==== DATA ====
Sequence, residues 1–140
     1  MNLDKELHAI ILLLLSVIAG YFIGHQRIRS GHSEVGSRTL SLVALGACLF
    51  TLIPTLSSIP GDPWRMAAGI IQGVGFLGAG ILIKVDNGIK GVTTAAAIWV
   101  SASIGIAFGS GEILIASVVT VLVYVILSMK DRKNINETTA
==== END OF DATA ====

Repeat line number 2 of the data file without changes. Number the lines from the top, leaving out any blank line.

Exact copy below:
     1  MNLDKELHAI ILLLLSVIAG YFIGHQRIRS GHSEVGSRTL SLVALGACLF